November 11, 1966 The Catalyst Page 7 Ham il ton's libertarian Views Imply laissez-faire Economics By KIT ARBUCKLE One of the students known on the New College campus for his con cern with economic and govern mental issues is Chuck Hamilton of the Class of '67. In an interview with The Catalyst he expressed the following philosophy. Q: Chuck, how would you identify your main field of interest? A: I think, because of the situation as it exists today, and society's framework, my main interests revolve aroi.Dld political science and economics, and their inter-relations. Q: Would you give us some of the history of your politicalbeliefs? A: Around 1961 I became inter ested in communism and did a lot of reading on communism, particularly on how it is practiced, and became very anti-communist. After a while, realizing that one cannot be against a position with out imp 1 i c it 1 y supporting some other position, I began to support a conservative political ideology as an affirmative position. I did a lot of r e ad in g of conservative philosophy, and became very active in the conservative wing of the Republican party. In the last year and ::t half I hav e radically changed my political ideas, realizing that, while there are basic problems in the so-called liberal thought, there are also some very pertinent problems in the right wing of political theory. Q: What are some of these problems? A; I feel, t o put i t very crudely, the liberal is presented with the pro b 1 e m of always jumping to government programs to solve the problems of society. On the other hand I think that a large faction o f the right wing tends to b e tied t o tradition, and in addition is against most govemment interven tion without providing some sort of alternative. From this refusal of both the "liberal" and "conserva tive" views, my position has tended to become that of a "libertarian, if one must find a label. Q: What are the tenets of libertarian politics? A: Well, first of all, it's a position that hasn't become doctrinal yet, so it's very fluid, and this is good I think, because too often 1 i be r a 1 and conservative stands have become too orthodox. I think that the position can be basically stated two diffo?rent ways. First, there should be a great emphasis on the institutions of society,partlybecause they embody-make concrete --certain beliefs and actions, and also because they afford a continuity to the life of a society. But I would say that government is not the most important institution of society, nor can we rely too heavily on tradition to provide continuity. One must place the most emphasis on the individual, his actions and his abilities to innovate. The libertarian feels that these requirE> ents imply a 1 a iss e z-fair e type of economic system. (Laissez-faire is usually taken as an emotional .wordratherthan a descriptive one, but this is the best word I can think of. ) It is also the case, I think, that by holding these beliefs of both the institution and the individual, rejecting both the conservative and the liberal, one escapes the basic political dichotomy that is presented in America today. This is best illustrated by the fact that the so-called libertarians make up a rather considerable faction of the right wing, but by the same token very closely re 1 ate d, in many cases even identical, to the "new left" movement, represented, for example, by the Students for a Democratic Society, many of whose members call themselves libertarians. However, while rejectingthe policies of the liberals, the new left still has not accepted the economic system which Murray Rothbart and others would say is implicit in a libertarian position; so a distinction between the two still exists. Q: Specifically, why did you abandon a solidly conservative line to become a libertarian? A; Well, it seems to me that conservatives say that liberal polcies tend to become oppressive,in a broad and generally true sense. But I've foi.Dl.d that a conservative p o li c y can be as oppressive as a liberal one. The position I have outlined seemed to be the best alternative, albeit a not very clear one yet. In addition, I think that the conservative's acceptance of the status quo (and the liberals are be-stand the capitalism of his day, and even if he had, his theories would not necessarily have been relevant tom ode rn capitalism. His labor theory of value--the fact that the rich get richer and the poor get poorer--has not been borne out by history. So on an economic level especially, Marx has been shown to be very wrong. His idea of the profit motive was one of emotional repulsion rather than a true representation. It is a very c om p 1 ex subject; it goes much further than just making money. It has allocative functions Hamilton coming thiswaynowthattheyhave got many of their p rograms through)is inherently disagreeable to m e While you need a contin uity from e st ablished institutions, y o u must also allo w f o r the innovat ion and freedo m necessary for any f orm of creative society. Q: If you are no longer a straight conservative, are you still anti-communist? A; Yes. I think that m ost people would have to be against thf.' communism as practiced in the USSR, China, and the other block nations, simply because they are classic examples of the Marxian class interests controlling a government for the i r own interests. And on theoretical grounds, too, I'm an anti-communist. It seems to me that that position has many serious logical shortcomings. And whether anyone can say that there is a definite relationship between communism in practice and theory is another question. Q: Would you elaborate on the statement that Marxism has serious logical shortcomings? A: I think that M a r x made a great many profoi.Dld and impressive insights. A lot of his social and psychological insights are valid, but on an economic and political basis he was generally wrong. His historical determinism, for instance, seems to me to be stacking the deck in his favor, and I think that this is a little trick rather than any sort of theoretical contribution. He did n o t under-(FOR SEAFOOD) Your choice of 67 m enu specialties Lundt and d inner every day 14 Conveni ent Locations Sorosoto-7230 N. Tamiami Trail Sorosota-3550 Fruitville Road St. Petersburg-1500 Pasadena Ave. S. Also in Perrine, (oral Gobles, Miami, North Miami, Donia, Ft. lauderdale, Pompano Beach, Boca Raton, West Palm Beach, North Palm Beach that Marx did not ad e quat e 1 y treat However, I can't keep from adding that, as a heretic of his time, Marx was very useful in clarifying positions tha t were or t h o d o x at that period, by calling them int o question. Q: If you refuse Marxian economics, can y o u, as a libertarian, embrace the K e y n e s i an system and big government that is so prevalent in the West? A: Here again, I think that in the 1930' s when Keynes wrote his general t h e or y he was a very helpful person, causing others to r e think and restate themselves. But here again I think that Keynes has now become the standard position; also, any non-Keynesian position is branded inferior and not given a fair he a ring. When Keynes wrote he was influenced beavily by the Great Depression, so that his general view does not seem valid today, though it may have been true then. Also, I think that he ri.Dl.s into some theoretical problems, the best examyles probably being them ult i p ier and acceleration principles, which have been shown very dubious in many cases, on both and GOODWIN'S NORTH TRAIL ESSO Across from the Angus Inn Amerlc and Foreitn Car Repairs For a New Aus t i n Healey Sunbeam Alpin e MG Jaguar V olvo Toyota BUCHMAN MOTORS 45 0 1 S. T rail Alweys good of used Sports C.n empirical grounds. They are certainly not ample tools to a discussion of politico-economics. Q: The "new economis" seems to be the root of big, modem welfare government. What is the libertarian reaction to this sort of conduct of politics? A; Big government, government intervention, is, I would say, structurally implicit in Keynes. If the b a s i s is wrong, the practice will also be in error. First of all, in challenging m ass i v e govemment, I would say that it is wrong to identify a problem, then immediately proceed to try to solve it by :drninistrative p o li c y It seems to me that this line of attack is non sequitur, on theoretical grounds. In many cases, the "independent sector" could solve these pro b 1 e m s better than the government can. Here again, I think that this opinion can be pro ved empiric ally. Urban renewal is a good example, showing how things are made worse by the intervention of the federal system. The same case can be made, though as conclusivelY. for medicare, social security, and the minimum wage. Q: Feeling that Marx's and Keynes 1 s theories are n o longer applicable, how do you accredit contentionsthat Adam Smith is no longer practicable? A; It is an undeniable fact that in many cases his opinions are n o longer applicable, but this in no way throws a laisss-faire capi talistic system into disrepute Smith wrote in 1776 and the whole economic situation then was vastly different social conditio ns than it istoday. Sothatlthink that either to support Adam Smith as some sort of absollEe position, or to :lttack him and think that thereby youhave destroyed capitalism today is ludi crous. Capitalism is, of necessity, an innovative and dynamic concept, and theories of economics, especially l a issez -faire economics, has adapted drastically To think tha t capitalism is a c enturies-old static given, is one o f the e rrors c onservatives often make. This is just not so, as I see it. It has often been said that capitalism has many faults and should be destroyed for this reason, but this is not, I think, theoretically sup portable. It seems to me that the capitalism system is a reality in society, and each helps to shape the other. Capitalism must thus be imperfect. It is a theory in practice, and no theory is perfect in its application. I think that, both logically and empirically, it can be shown to work better than alternative economic philosophies. Q: By stressing economics over governmental dynamics as basic to society, doyouimplythatthe problems of the world should be ap proached through economic planningratherthan political maneuvering? A; Well, first of all, I would say that economics is just one aspect of the social framework, integrally related to politics and sociology and other studies. But in international affairs economics are, I think, rightly given a greater emphasis than these other aspects. Today, even limited warfare has become a dangerous, almost out moded way of survival. I think that confrontation between, f o r exampus. the and the so-called free world must change drastically from a mllitary t o an economic c ontest if we are t o sur vive. Q: Could y our stand !}len be char acterized as pacifistic? A; Ideally, yes; blll: this must be qualified in practice. The com rnl.Dlists, I think, will not settle for our sub jugation, we can't j ust sit by. Howeve r I don't think the military answer is a true solution. !think, therefore, that the resol u tion will stem from the economic blockade of the c ommunist COlDl tries to force them t o prove that their system will work well, but also in the re a1m of economic aid t ounder-developedco'Uiltri And here agabl, we malt never lose sight of the fact that this assistance must come from the private sector as well as from the public funds. Frank's Barber Shop 3f30 N. Temiemi Trail 355-1300 ST. ARMANDS TRAVEL Air and steamship reservations Ca r r entals -Cruises-Tours Independent travel Harding C ircl e Phone 388-3661 SEE SARASOTA FIRST All the problems & challenges of American Life Are Here What to do with too much leisure ... How to integrate the mobile middle aged into the community ... What about a rura I county system operating an urbanizing county area. How do we upgrade those in need ... What are the forces acting for pro gressive action ... GILBERT WATERS ASSOCIATES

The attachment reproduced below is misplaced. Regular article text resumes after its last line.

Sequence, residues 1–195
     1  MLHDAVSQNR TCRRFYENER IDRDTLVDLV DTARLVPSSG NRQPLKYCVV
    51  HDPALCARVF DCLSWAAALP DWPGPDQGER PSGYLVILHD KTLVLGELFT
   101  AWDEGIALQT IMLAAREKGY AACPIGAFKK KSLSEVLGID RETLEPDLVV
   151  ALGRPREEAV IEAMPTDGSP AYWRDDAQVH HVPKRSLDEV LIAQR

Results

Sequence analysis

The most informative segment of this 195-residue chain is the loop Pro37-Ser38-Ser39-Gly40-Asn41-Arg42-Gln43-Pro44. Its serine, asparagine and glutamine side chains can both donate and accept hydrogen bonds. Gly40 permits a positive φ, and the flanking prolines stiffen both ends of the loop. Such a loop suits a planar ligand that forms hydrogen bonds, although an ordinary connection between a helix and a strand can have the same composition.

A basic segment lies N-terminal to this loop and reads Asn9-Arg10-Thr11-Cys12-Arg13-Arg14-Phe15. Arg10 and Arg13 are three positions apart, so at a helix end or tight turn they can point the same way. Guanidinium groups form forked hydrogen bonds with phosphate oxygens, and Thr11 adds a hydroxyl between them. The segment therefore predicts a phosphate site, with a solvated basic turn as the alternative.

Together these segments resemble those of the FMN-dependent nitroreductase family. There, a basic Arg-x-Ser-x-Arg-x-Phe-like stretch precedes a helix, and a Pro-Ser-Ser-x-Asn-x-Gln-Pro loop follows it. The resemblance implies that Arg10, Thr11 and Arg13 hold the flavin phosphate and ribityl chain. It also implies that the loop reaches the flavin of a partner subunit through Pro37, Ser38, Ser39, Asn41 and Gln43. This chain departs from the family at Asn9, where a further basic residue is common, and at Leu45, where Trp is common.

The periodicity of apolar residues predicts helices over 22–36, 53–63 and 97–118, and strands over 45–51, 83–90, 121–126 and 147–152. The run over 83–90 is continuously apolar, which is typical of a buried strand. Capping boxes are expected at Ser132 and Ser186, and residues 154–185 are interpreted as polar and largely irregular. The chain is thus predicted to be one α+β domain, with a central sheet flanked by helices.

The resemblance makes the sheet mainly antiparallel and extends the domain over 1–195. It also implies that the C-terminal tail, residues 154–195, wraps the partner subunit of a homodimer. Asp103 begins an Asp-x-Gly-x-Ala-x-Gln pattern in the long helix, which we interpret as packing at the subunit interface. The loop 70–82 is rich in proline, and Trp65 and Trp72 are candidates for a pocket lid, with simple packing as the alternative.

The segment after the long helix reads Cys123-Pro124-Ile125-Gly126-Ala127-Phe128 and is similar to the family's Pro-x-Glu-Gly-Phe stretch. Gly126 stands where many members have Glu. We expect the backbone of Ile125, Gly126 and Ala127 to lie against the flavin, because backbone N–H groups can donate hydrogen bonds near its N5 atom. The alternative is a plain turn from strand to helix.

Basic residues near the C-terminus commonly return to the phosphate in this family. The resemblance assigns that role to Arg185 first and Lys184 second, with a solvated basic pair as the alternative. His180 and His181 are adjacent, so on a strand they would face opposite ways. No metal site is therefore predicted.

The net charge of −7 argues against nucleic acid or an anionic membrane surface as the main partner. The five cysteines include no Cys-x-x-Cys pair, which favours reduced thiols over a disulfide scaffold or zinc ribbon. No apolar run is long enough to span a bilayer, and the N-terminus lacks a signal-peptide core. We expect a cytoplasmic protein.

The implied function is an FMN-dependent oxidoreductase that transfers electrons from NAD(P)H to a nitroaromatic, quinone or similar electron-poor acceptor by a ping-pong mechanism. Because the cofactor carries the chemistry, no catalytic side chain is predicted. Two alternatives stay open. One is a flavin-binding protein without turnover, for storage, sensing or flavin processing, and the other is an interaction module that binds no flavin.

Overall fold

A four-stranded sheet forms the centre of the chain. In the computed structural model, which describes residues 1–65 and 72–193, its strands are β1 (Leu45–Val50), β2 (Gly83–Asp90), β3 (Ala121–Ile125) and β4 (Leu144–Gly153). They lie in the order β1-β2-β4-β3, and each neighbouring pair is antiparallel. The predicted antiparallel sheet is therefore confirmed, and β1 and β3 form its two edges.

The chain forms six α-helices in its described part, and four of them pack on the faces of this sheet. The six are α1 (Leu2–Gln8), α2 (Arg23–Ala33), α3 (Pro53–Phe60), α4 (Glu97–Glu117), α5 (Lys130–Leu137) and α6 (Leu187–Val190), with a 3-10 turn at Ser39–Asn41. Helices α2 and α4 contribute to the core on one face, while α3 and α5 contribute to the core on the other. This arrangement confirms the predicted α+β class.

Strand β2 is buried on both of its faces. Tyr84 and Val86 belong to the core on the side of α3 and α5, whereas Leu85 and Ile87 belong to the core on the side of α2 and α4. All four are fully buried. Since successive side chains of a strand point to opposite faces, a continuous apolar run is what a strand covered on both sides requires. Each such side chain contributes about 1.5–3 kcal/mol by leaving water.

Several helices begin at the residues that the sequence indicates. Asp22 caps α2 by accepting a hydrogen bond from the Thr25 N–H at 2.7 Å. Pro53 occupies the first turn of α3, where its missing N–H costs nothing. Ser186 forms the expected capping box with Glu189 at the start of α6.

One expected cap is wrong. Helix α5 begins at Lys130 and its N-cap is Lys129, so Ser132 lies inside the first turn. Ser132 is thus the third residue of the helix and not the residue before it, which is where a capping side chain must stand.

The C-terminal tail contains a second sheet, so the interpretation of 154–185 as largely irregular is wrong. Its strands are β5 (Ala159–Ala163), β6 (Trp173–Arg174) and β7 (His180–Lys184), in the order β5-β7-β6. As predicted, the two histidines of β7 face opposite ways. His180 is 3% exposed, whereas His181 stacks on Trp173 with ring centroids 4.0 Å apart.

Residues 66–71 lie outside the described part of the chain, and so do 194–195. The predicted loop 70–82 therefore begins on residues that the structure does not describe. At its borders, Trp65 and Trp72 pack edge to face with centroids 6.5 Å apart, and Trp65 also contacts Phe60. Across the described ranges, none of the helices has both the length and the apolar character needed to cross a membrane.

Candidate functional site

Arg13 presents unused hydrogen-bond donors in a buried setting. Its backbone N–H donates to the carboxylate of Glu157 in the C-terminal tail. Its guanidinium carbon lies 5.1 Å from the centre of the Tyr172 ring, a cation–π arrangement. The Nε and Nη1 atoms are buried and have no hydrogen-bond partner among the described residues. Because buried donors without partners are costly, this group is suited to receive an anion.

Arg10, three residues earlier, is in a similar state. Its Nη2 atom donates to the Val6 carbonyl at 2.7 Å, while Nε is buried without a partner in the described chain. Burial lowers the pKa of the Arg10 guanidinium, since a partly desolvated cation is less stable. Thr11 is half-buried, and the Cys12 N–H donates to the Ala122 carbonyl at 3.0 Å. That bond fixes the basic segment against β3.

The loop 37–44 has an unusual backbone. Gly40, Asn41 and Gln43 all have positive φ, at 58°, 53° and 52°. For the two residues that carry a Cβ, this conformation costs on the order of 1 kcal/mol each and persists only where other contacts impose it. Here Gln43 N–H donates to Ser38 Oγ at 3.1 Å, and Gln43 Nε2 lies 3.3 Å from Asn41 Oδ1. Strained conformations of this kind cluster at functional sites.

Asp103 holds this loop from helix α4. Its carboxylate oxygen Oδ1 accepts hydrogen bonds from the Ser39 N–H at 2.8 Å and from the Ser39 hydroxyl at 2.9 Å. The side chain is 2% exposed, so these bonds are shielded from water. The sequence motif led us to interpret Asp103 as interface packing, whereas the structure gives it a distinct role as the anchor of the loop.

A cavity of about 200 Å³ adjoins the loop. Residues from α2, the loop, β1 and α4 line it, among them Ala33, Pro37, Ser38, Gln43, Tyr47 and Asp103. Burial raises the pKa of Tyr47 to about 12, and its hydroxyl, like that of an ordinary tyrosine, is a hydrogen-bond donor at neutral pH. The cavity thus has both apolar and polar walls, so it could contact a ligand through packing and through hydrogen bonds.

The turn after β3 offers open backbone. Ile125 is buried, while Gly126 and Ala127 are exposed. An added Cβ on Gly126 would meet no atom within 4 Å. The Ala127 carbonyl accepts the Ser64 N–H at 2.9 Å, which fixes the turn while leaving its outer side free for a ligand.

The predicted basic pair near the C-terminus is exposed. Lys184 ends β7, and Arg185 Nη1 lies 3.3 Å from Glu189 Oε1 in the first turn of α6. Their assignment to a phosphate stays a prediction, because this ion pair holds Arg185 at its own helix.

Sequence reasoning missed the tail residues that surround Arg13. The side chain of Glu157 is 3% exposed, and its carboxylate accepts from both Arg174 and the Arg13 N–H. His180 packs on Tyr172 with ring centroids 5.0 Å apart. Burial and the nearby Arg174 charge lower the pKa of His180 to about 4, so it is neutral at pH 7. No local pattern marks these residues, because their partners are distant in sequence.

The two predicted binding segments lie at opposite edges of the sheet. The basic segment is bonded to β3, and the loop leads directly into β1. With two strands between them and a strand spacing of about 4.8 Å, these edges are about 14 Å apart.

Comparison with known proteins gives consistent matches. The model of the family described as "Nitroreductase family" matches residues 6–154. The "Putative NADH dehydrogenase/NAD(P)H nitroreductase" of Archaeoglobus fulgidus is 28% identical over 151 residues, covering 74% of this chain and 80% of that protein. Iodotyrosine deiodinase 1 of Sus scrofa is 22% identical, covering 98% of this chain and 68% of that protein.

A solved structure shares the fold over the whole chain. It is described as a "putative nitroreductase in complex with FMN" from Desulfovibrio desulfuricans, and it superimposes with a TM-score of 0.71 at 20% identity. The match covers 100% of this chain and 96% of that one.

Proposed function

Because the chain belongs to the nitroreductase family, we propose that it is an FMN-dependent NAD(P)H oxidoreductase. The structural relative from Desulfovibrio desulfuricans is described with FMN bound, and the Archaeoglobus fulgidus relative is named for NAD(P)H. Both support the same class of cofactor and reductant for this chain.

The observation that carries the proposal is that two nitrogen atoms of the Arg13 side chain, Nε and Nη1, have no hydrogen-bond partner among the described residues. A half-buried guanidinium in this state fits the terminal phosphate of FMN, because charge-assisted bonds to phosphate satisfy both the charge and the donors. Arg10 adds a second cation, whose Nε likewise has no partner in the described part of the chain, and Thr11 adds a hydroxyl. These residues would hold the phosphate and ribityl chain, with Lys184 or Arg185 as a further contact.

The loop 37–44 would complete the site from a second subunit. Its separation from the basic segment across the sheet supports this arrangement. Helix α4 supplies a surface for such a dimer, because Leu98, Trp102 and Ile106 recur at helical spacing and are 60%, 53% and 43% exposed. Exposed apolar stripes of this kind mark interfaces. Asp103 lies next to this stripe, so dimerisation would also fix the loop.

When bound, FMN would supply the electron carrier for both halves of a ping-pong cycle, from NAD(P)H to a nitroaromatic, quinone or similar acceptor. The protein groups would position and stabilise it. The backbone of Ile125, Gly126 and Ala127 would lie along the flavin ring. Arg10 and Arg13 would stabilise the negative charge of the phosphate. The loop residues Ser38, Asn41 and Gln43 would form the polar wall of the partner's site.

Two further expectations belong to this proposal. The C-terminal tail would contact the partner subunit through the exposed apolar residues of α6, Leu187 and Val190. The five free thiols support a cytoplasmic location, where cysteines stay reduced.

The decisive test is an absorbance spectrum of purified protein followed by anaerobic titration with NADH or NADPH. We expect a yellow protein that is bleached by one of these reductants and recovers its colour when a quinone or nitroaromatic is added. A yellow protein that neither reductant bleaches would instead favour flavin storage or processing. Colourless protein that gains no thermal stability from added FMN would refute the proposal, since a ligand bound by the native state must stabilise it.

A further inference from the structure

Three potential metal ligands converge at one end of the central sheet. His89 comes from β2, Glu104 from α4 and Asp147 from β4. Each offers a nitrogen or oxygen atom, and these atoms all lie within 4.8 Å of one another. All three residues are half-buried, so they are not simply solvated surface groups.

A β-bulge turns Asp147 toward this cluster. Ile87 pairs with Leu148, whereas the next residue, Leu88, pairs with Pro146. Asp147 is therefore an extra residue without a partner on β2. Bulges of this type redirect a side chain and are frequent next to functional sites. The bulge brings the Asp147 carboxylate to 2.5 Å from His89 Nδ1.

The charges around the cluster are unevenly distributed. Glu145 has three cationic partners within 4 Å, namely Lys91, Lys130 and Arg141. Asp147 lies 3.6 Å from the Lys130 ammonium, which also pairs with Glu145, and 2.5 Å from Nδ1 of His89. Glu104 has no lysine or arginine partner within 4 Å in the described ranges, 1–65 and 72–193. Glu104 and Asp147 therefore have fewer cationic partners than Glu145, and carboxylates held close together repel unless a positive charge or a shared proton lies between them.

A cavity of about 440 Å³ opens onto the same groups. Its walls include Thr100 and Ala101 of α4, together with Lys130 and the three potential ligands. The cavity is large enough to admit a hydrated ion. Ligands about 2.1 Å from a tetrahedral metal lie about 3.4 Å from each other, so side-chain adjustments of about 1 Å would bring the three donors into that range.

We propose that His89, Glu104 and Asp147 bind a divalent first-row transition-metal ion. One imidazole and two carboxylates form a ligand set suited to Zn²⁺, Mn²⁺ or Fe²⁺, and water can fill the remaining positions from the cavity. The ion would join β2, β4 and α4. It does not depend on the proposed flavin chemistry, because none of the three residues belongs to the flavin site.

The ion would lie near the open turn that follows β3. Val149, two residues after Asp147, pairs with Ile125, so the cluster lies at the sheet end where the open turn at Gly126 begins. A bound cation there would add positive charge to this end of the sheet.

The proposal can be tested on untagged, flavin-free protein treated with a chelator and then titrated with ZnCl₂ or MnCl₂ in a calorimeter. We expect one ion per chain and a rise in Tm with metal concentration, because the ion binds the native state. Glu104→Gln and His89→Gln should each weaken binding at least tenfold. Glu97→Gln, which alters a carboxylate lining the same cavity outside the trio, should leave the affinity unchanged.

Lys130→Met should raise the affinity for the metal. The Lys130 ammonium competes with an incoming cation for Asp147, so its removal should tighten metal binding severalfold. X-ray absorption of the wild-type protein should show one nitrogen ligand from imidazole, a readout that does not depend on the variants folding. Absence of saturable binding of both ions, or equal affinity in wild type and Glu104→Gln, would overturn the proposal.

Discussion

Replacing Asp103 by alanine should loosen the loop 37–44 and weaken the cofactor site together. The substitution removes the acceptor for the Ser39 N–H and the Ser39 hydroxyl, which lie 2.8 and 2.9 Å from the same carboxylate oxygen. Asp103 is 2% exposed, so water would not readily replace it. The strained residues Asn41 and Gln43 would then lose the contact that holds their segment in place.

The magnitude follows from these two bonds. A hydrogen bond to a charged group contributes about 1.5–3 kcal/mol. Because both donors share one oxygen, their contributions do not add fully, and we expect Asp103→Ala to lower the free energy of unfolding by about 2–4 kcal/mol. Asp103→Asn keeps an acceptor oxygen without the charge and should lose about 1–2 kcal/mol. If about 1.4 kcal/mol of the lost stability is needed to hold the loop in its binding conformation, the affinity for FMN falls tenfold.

Page 8 The Catalyst Stage Sand New College Will Make Debut Tonight I ca.n see it all now. A sta.ndi.Dg ovation. Thunderous applause. The crowd chanting for an encore. The popping flashes of the press }i!.otographel'S cameras And then it would be our tum to take the stage. Yes, ready or nor, the New College Stage Band will make its public debut at Sarasota's MuDicipal Auditoril1m. Technically, we will be playing a benefit for the local Allied Arts Council. (Of what benefit we could possibly be to a.nybody, I haven't yet decided. ) But the die is cast and the hatches are battened, so to speak, and the local citizenry will soon be exposed to New College's brand of rhythma.nd-blues. The ba.nd consists of: Tom Todd, drums; Jerry Neugarten, mythm guitar; Mike Cassell, piano; Bob Dixon, lead guitar; me, flute; and Coach Pete Odell, introductions. The advance publicity bills us as a "progressive jazz" group. This is somewhatunfortunate, because, as anyone in the audience who knows Oda anything about jazz will realize, our music is anything but progressive. on Pau/so11. The End of the Crises From the beginning, I'd known it was going to be one of those days. First, I was awakened in the midd.lf' ofthenight by the tapdancing that was going on upstairs, made especially serious by the fact that my "''Om was on the second floor Then, my roommate was practically strangled by his alarm clock before he was able to tum it off. And I learned that the fires had gone out, and the campus had been l.m protected for most of the night. It was enough to disconcert anyone. The lookouts still stood, scanning the horizon with binoculars, as I left the dorms for class. I asked one if he'd seen anything, and he replied that he didn 1t think so, but then he really didn't know what he was looking for. But that he expected a note from the administration any day now, informing him. I smiled at him sadly and walked on. I got in my car, a 1966 Intervisitation Fiat, but the motor wouldn't tum over, and so it took me all the way to College Hall on its stomach. Paulson At College Hall, I was pleased to see there was a large tumout for the exhibition, which featured a New College student who had been painstakingly bathed by the public relations department being slowly revolvedon a motorized pedestal before three h1.mdred carefully chosen members of the comm1.mity. I leamed later that the reception had been so favorable that the entire performance would be repeated at the Municipal Auditorium as a part of F1.m With the Arts Day. My first class of the day was an advancedSleepingseminarbut l.m fortunately I stayed awake through it, so I was in no condition for the class that came im.."'lediately after wards, which integrated the series of Basic Decorum lectures with a seminar on the literature of New ChllegeWriters in ResidencE", which I felt the professor taught with a rather cavalier attitude. I decided therefore to cut the class and go to look at the bay, which had been making infrequent but inspiring visits to the rear of College Hall. On the way, I passed the bulletin board, but found nothing of interest except an announcement from the Academic Committee that in the future the first term of the third year would be devoted entirely to classes on techniques of filling out Graduate School applications. Going out the back door, I did, indeed, find the bay to be there, but l.m fortl.mately it had become polluted. Upon closer examination I found the cause to be the thoughtlessness of a few careless souls who had chosen to throw their unwanted copies of The Catalyst Literary Supplement in the water. As I stook by the edge of the bay a large dolphin swam up and introduced himself. claiminiZ to be a personal friend of Charles deGaulle. Though I doubted this, he had some useful information for me about events that could take place shortly on the other side of the campus. For this reason I hurried to my car and started off for the dorms. My Fiat had trouble going up the hill, however. It was like something from a cartoon in The Catalyst. Luckily, though, I hitched a ride on a bicycle ridden by a grey cat I'd met the month before, and arrived at the dorms just in time. My arrival was timely because the entire East Campus was being scourged by the dread being we'd been watching for and fearing many weeks. The campus was being attacked by the horrible Do u b 1 e Crisis! I gazed at the repulsive being andoouldhardlybelieve what Isaw. Ihaln'tbeen so incredulous since they announced the plans for Thanksgiving dinner in Hamilton Court. The grotesque monster had two heads and a scaly body 1 with a sh:uply barbed tail, and breathed fiN through his horrid nostrils. As I approached, he had just eaten two psychology majors and a member of the maintenance department, and was about to consume a faculty member. There was only one thing to do. I rushed to my room in search of my swor:i. Ever since I had pulled it out of a rock in the woods near the swimming pool, I had been strangely attached to it, and knew it would come in handy some day. My roommate was us ing it to cut his nails when I reached the room. I grabbed it from him and raced out to find the Double Crisis. It had devoured three language tutors and a literature professorwhen Ifinally caught up with it. I started after it with my sword, cutting off both its he ads. I thought that had finished him, but I was astonished to find that, for every head I cut off, two more heads grew in its place. All I could do was to keep chopping, and hope. I attacked the monster for six hours without stopping. Finally, the heads stopped growing. I had vanquished the Double Crisis. My fellow students me, calling me a hero. One asked how many heads I thought there had been. I said I didn't know, but guessed a number about the size of the population of Sarasota. They wanted to continue their congratulations, and hold a party in my hcnor, but I declined. I was in training with the tennis team, and besides, I was tired, andjustwantedto get to bed and to sleep before the tapdancing started again. ED'S ESSO SERVICE Complimentary gift with your first tank of gas u.s. 41 Next to T...U laH What we play is jazz, in that it is almost totally improvised, but the chord progressions we use are very basic and conventional and, musically speaking, not progressive at all. Specifically, we will play various forms of blues. Our first number will be "Work Song," a popular jazz blues recorded by numerous jazz and blues musicians. (For you music critics, it should be noted that although the theme is a 16 bar blues form, the standard 12 bar blues chords are used as the basis for our improvisation.) Next we'll play That Song from Gershwin's "Porgy and Bess" (And the livin' is easy ). Although technically not a pure blues number, "Summertime" involves chord changes very similar to those of "W om Song. II For ourfinale the battle plan calls for a raucous rock-and-roll blues. Those of you who heard our group play last year or early this year may view this news with some incredulity, remembering our music to be somehow more appropriate to a tavern full of brawling drunks than to a concert stage. But times have changed. There always has been, if I may take the liberty to say so, a considerable amount of musical talent in the group. It was merely a matter of deciding one day we would take ourselves a little more seriously than we had been, and perhaps drawing some of that talent i>llt. Our main problem has been, as it is with any group, lP.arning to worl< together musically. The dialogue between the solo instrument and the piano, for instance, or between the drums and the rhythm guitar, is what transforms a bunch of good musicians into an excellent group of good musicians. Since we began rehearsing two weeks ago, considerable improvement in this regard has been made, I think. Of course, I would judge we are still a while from the day we could challenge Butterl'ield (or the Galaxies, for that matter). But can't you JUSt see it now? A standing ovation. Thunderous applause. The crowd chanting for an encore. Agents from Elektra, Impulse, Vanguard, and all the others clamoring for a contract But this is where we came in. COCKTAILS AT 3428 No. Trail 355-3446 FINE DOMESTIC AND 1{ E R T z November 11, 1966 In Debut Tonight Members of the New College Stage Band rehearse in the Sanford House for tonight's benefit performance. They are, 1. to r.: Kenji Oda, Tom Todd, Mike Cassell, Bob Dixon, and Jerry Neugarten. The group began rehearsing in earnest two weeks ago. SARASOTA CYCLE lr KEY SHOP s-t .. S...... Slece 1tU 1111 s.... Street If YO II ol haY<' eaten in all The Great Restaurants of Tbe World .. Then eating at College Hall will be quite an experience. Servamation Mathias For Tile Latest I Wo111e11"1 r. Me' Dren r. c. .. ol Slloel Dow11tow11: 1425 Mal St. Soutlt Gote Shoppl119 Plaza Ef.OPPER BAR 1570 No. Lockwood Ridge Rd. 955-3446 IMPORTED LIQUORS FOR YOU we have 14 tables AT KUE and KAROM BILLIARDS billiards with or without pockets 6 111lles IIOI1ft of colle4Jtt 011 U.S. 41 YOUR DIPLOMA is an investment in your future. It will pay off in bigger earnings. Don't be a drop-out! 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